Lousy weather forecast for our trip to Jerez for the Formula One testing. Two thin jumpers plus my t-shirt from last year’s visit to el Circuito de Jerez. And the big warm cosy coat for good measure. A ten year old coat, but newish to me.
Chilly all the way there, from meeting at Arco del Sol for a ridiculously early coffee and moving the guys’ rucksacks into my car. Another coffee on the way. We pull into el Circuito de Jerez just before 10am, buy our VIP tickets (access all areas – almost!) and head straight for the VIP tribuna – the stand overlooking the pit lane and the team garages.
In the stand I dump the coat to cover the damp seat and we hunker down for a late sandwich breakfast. Most of the teams are still pushing out the cars for their first circuits of the track. Sebastian Vettel, Jenson Button, Kimi Raikkonen and Nico Rosberg (plus we’d seen Felipe Massa in the car park) …. all very exciting! New regulations for the forthcoming season mean the cars have rather ugly front ends (noses like hoovers, was the general view), and extra tubes and flashing lights on the back. The new turbo engines combine with the revised aerodynamic shapes to give a lot more grunt and power coming out of the corners which should be exciting when the season begins.
At testing, not all the sponsors’ badges have been painted onto the cars yet, but Jenson Button’s helmet has a touching “R.I.P. Papa” on it. I sit back down after taking photos and feel a stone in the lining of the coat. No, not a stone, an aged lump of chewed gum, hard as a bullet. I’ve never chewed gum. A memory tugs inside me, but outside Paco itches to move on to the next bend for better pictures, while Antonio relaxes, breathing in “el olor de Pirelli” – the smell of burning rubber.
The VIP tickets allow us to wander up to the top end of the track and join the line-up of keen photographers at the final bend, and over to the control tower with its Tio Pepe sherry adverts and topped with the iconic tipsy bottle. A minor crash has us all scuttling over to the other side to watch the Williams car being covered with sheets and loaded onto the flatbed to be taken back to the pitlane.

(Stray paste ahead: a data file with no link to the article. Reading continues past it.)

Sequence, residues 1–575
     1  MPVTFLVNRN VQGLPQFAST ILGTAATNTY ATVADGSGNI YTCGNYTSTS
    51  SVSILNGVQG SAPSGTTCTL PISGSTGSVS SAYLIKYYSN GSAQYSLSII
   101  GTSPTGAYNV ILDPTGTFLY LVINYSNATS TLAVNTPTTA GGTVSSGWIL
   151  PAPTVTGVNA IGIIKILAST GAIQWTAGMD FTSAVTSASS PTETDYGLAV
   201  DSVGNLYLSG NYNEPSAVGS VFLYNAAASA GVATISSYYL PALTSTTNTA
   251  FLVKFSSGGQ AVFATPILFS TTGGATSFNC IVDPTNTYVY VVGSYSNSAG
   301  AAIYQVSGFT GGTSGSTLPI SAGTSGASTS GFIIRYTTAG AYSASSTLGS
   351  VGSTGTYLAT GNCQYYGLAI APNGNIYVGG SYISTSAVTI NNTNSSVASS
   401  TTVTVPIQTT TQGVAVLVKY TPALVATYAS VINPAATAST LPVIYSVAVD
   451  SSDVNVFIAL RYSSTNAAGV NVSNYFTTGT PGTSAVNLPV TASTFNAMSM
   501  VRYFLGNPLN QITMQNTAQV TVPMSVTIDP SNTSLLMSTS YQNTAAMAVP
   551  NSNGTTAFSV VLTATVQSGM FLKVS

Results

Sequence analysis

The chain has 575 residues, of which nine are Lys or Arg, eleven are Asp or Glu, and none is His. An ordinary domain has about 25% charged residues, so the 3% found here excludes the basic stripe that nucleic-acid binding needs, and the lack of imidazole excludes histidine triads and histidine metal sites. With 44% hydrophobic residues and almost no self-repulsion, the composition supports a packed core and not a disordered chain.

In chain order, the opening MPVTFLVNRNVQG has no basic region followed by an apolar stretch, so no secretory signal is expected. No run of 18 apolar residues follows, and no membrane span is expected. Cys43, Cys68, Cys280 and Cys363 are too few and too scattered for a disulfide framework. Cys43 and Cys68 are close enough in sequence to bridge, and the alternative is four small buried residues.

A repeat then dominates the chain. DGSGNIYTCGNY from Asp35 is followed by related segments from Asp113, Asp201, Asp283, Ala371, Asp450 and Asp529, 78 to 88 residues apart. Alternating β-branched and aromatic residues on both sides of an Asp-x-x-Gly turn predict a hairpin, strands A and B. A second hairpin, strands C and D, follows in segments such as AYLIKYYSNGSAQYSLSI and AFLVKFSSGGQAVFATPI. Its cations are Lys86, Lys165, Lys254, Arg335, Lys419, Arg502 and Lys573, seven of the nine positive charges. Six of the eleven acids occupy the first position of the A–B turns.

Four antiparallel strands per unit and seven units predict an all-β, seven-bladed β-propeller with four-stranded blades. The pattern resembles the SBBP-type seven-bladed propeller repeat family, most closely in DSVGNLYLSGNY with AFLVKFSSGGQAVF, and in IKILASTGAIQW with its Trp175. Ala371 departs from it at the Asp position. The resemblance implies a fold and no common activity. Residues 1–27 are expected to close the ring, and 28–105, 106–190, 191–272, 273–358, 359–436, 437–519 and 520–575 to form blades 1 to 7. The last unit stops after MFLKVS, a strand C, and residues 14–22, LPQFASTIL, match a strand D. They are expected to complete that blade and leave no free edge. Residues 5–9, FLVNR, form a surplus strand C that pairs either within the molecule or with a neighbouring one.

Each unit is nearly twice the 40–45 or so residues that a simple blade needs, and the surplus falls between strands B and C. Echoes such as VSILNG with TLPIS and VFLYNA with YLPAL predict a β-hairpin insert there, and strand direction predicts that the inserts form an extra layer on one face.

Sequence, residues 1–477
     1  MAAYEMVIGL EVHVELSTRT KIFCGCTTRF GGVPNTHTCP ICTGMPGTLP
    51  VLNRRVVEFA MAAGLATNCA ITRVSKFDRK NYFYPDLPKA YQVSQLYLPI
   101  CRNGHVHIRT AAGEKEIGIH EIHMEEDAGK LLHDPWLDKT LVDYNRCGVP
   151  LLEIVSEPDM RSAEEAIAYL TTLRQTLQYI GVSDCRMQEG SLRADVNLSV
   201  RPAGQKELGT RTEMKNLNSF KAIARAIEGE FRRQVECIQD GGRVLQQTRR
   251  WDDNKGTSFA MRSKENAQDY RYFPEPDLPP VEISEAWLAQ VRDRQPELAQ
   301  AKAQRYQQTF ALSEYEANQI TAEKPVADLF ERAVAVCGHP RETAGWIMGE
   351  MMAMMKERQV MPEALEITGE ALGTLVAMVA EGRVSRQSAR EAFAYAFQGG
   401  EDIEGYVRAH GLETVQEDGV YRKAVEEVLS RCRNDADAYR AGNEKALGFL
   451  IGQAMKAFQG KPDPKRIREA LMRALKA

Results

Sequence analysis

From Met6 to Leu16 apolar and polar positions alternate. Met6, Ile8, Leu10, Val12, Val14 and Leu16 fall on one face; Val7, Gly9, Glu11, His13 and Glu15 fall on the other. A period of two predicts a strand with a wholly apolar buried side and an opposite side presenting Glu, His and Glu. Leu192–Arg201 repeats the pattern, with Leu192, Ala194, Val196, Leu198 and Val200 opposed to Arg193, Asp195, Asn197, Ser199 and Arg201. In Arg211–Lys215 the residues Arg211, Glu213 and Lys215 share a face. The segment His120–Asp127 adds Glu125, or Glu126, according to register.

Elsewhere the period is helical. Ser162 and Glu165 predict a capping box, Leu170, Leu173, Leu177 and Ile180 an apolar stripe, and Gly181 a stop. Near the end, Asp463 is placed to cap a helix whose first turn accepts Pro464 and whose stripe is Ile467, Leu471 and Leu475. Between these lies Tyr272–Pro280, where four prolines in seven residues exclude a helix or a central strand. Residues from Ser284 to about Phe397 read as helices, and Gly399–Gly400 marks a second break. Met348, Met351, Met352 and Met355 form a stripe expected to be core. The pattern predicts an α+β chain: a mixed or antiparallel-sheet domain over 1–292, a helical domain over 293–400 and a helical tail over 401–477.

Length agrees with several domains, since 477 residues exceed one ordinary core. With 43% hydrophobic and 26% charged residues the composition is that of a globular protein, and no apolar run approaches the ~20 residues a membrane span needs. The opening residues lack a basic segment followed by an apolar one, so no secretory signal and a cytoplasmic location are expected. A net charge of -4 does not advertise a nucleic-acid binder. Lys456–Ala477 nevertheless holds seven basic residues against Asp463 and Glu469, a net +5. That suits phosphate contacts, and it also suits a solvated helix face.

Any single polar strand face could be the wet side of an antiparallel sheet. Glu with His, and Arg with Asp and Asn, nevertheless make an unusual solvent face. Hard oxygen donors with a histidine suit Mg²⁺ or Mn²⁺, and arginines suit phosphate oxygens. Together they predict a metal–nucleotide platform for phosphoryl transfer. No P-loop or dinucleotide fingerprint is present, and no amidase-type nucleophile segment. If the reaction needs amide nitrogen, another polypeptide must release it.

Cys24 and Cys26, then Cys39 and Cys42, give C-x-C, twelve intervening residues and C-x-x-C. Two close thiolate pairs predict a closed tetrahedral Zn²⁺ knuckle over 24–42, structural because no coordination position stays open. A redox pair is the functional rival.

We continue round the track enjoying the different viewpoints, stop on top of the bridge to see Sergio Perez crunch onto the gravel at turn one with smoke pouring out of the Force India. Over to the last of the stands (outside the VIP area and distinctly tattier), and after almost seven hours at the trackside we call it a day.
On the way back we are stopped in a police roadblock. The Guardia Civil go round to the driver’s side. Antonio, driving that stretch, slightly nervously asks me if I have my paperwork. I do. The Guardia motions to Antonio to roll down the window. “¿De donde eres?” – where are you from? he asks. “Portuguese with a Dutch passport, living in Colmenar” replies Antonio. “I’m English, living in Colmenar” I add, and Paco pipes up from the back seat “I’m from Madrid if that helps”. The Guardia looks bemused and decides to wave us through. It hadn’t occurred to us until then what a strange grouping we make. How did three incomers to southern Spain, all from different origins, end up in my car coming back from Formula One testing? How do random strangers become friends? An interesting question but unanswerable. Paco teaches me a new phrase – “La vida da muchas vueltas” – life takes many turns.
Back indoors, home-made paella from the freezer and I peel off my layers. The coat is grubby from the wet seats. It can go in the wash tomorrow. As I carry it through to the laundry a hint of scent rises suddenly and knocks me sideways. Really? Is that possible? Two years since she wore it? Twenty months since she died? But mum’s perfume is unforgettable so I hug the coat close to me and breathe her in. The stains can stay – that coat isn’t going in the wash, not while there’s even the vestige of scent, or possibly just an imagined memory of scent. An unforgettable day ends with the most unforgettable memories of all.
© Tamara Essex 2014
THIS WEEK’S LANGUAGE POINT:
Back at my village’s language school www.axalingua.com we are struggling along with more of the subjunctive. No me gusta que ellos fumen. I don’t like it that they smoke. Me irrita que no me llamen. It irritates me that they don’t call me. Me molesta que aún no tengas. It annoys me that you still don’t have it. Me preocupa que sepan todo. It worries me that they know everything.
As long as I hang onto the fact that QUE triggers the subjunctive I’m alright. But I suspect it’s going to get a whole lot more complicated.